Organizational culture is the collection of values, expectations, and practices that guide and inform the actions of the organization. A great culture exemplifies positive traits that lead to improved performance, while a dysfunctional company culture brings out qualities that can hinder even the most successful organizations. The atmosphere or climate in a recreation facility will set the tone for the recruitment and retention of participants, as well as volunteers and staff.
This section will focus on three specific topics regarding organizational support for girls, women and gender diverse individuals:
- Creating a Welcoming Environment workshop).
- Social Hubs and Disrupting Social Norms
The workshop focused on three specific topics regarding organizational support for girls, women and gender diverse individuals.
The toolkit specifically aims to help clubs increase the involvement of women and girls, Aboriginal people and people from culturally diverse communities.
An evidence-based, step-by-step, comprehensive online toolkit designed to help sport organizations bring their gender equity vision to life.
This self–assessment tool is designed for all sport and physical activity organizations/providers who want to reap the benefits of greater gender equity within their organizations.
Who are the People in Your Neighbourhood?
Many women, girls, and gender diverse individuals in communities across Canada are not engaged in recreation and sport for a variety of reasons. This section explores non-traditional ways of understanding the community and, specifically, those who do not typically participate in recreation. You will find information about the creative engagement of partners to optimize recruitment and retention of those women and girls who are not currently participating in local recreational sport. This could mean the coordination and collaboration in a community that maximizes opportunities for participation across facilities and programs.
This workshop will explore non-traditional ways of understanding the community and, specifically, those who do not typically participate in recreation.
Quality engagement in physical activity can further the integration of newcomer women and girls into their communities and positively impact their overall quality of life.
Includes resources and key findings from the research which is funded by Sport England.
This guide will help you get more women and girls in your area active – even if you’re not directly involved in the sport or leisure sector.
“Go Where Women Are” is about engaging women in sport and exercise on their terms and in their space whether physically or emotionally.
Understanding How Facility Design Can Attract and Encourage Use by Girls, Women and Gender-Diverse Individuals
Awareness around diversity, inclusion, accessibility, and equity is evolving and changing the physical environment that forms the backdrop for sport and recreation. In the development of designs that consider all humans, making the case for girls, women, and gender diverse individuals can positively impact participation in programming offered at facilities and help overcome the barriers that often deter participation.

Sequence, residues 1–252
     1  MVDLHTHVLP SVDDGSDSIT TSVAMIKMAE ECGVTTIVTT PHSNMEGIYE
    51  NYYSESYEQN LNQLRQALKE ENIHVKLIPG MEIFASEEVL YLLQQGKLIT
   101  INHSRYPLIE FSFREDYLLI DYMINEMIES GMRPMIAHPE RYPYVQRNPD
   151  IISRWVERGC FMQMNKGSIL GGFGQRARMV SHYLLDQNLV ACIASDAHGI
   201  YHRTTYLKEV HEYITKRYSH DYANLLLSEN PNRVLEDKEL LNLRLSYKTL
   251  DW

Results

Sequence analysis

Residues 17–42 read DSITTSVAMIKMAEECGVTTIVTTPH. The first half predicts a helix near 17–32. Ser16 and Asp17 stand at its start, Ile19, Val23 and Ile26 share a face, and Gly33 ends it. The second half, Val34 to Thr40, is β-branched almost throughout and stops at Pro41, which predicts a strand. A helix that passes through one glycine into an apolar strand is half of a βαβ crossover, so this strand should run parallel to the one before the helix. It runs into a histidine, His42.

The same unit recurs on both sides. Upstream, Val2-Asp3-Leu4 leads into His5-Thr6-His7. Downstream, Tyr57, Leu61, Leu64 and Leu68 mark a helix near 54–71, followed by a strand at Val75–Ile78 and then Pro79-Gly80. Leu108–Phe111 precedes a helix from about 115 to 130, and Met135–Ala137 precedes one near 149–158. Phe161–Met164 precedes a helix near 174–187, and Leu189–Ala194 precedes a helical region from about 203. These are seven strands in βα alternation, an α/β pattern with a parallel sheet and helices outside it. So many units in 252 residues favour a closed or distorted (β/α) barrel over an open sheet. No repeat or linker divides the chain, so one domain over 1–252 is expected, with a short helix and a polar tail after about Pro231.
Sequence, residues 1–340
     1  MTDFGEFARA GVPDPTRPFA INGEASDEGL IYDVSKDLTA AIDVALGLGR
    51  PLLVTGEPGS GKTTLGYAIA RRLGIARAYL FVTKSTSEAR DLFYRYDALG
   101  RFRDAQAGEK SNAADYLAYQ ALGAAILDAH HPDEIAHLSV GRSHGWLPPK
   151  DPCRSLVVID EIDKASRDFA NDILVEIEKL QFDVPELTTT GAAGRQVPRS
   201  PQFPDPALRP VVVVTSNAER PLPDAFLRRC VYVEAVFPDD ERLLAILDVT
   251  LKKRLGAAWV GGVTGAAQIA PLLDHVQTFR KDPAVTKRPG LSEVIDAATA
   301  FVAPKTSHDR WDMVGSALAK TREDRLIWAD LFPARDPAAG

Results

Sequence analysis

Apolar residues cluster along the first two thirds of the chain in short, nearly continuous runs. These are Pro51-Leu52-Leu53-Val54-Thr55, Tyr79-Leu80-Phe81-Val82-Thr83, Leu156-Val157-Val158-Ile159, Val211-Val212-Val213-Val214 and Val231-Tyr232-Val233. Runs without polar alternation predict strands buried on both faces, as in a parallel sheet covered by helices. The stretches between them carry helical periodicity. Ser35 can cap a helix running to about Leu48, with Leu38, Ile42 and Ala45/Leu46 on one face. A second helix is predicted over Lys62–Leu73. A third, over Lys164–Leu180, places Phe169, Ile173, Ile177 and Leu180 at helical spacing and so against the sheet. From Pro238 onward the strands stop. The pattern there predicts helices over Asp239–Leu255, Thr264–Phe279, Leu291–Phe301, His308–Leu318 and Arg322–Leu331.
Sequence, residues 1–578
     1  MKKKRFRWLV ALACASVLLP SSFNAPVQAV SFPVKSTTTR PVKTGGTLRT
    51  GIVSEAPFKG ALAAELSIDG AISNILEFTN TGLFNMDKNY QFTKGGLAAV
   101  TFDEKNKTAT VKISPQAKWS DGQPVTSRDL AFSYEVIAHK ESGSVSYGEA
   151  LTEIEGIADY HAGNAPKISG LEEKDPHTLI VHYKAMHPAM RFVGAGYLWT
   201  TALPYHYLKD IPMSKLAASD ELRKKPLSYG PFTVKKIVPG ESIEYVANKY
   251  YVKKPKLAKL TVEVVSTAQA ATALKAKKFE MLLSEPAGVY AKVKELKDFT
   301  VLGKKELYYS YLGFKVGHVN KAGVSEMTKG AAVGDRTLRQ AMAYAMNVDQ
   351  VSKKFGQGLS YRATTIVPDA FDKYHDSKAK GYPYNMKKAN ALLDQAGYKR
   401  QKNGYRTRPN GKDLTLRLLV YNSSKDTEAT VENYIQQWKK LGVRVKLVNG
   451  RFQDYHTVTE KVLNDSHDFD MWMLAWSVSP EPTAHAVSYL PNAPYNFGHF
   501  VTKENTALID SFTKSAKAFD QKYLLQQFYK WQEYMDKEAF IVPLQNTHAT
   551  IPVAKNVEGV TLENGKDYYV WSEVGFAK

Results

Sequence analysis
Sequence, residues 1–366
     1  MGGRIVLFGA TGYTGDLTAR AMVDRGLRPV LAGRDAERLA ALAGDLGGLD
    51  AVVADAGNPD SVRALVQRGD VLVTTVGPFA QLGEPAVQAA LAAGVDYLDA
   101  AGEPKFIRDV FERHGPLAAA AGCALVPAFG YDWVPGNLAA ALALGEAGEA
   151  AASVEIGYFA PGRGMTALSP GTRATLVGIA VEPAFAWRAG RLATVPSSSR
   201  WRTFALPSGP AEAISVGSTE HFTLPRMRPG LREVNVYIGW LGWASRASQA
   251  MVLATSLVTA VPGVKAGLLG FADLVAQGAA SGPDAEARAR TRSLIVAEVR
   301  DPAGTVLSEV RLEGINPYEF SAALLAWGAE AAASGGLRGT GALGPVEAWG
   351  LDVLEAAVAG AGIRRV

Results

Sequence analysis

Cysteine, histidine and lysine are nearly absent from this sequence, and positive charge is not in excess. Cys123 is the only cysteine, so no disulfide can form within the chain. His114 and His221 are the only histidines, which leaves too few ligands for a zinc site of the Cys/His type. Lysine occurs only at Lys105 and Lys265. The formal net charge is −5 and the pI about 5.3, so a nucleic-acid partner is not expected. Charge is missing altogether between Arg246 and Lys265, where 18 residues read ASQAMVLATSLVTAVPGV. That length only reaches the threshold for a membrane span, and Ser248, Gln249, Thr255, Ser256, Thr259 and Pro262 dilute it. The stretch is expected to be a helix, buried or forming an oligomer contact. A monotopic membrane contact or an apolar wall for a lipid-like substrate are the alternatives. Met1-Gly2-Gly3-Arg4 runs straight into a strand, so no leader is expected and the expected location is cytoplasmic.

This section focuses on two key components related to gender equity and the design of recreation facilities:
- Facility infrastructure design that is universal (“gender mainstreaming”) and/or gender-friendly in nature.
- Methods to “make the case” for facility design changes in support of gender equity to a variety of stakeholders (e.g., funders, current participants, senior volunteers and staff).
This workshop will focus on two basic elements related to gender equity and the design of recreation facilities.
COMING SOON – A practical tool for organizations to identify strengths and opportunities to promote equity.
The guidelines focus on three key enablers: Facility Planning and Design, Maximising Use (i.e., culture, programing, and Policy to Drive Change.
This document explores the benefits of universal washrooms and change rooms and their provision in community and recreation facilities.
Evaluating Outcomes Using the Best Questions and Data
Gathering and understanding the results of your efforts to address gender equity in your recreational sport organization and sharing these findings in the most appropriate way(s) with stakeholders is fundamental to sound program planning. This section focuses on OUTCOME evaluation in general with specific application to gender equity initiatives and understanding the impact of this work. A six-step framework to evaluation will be accompanied by practical worksheets and relevant gender equity examples shared.
This workshop will focus on OUTCOME evaluation in general with specific application to gender equity initiatives and understanding the impact of this work.
We have collected several resources addressing gender equity in recreational sport and we will keep adding more as we find new ones. Please browse the resources, or search, specifically, using the Toolkit topics If you have a resource that you think should be featured here, please contact us at email@example.com so that we can add it in.
So many great things are happening across Canada regarding gender equity in recreational sport. Read these stories to find out more about how different communities are addressing the issue, in big and small ways.
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Last Updated: December 13, 2021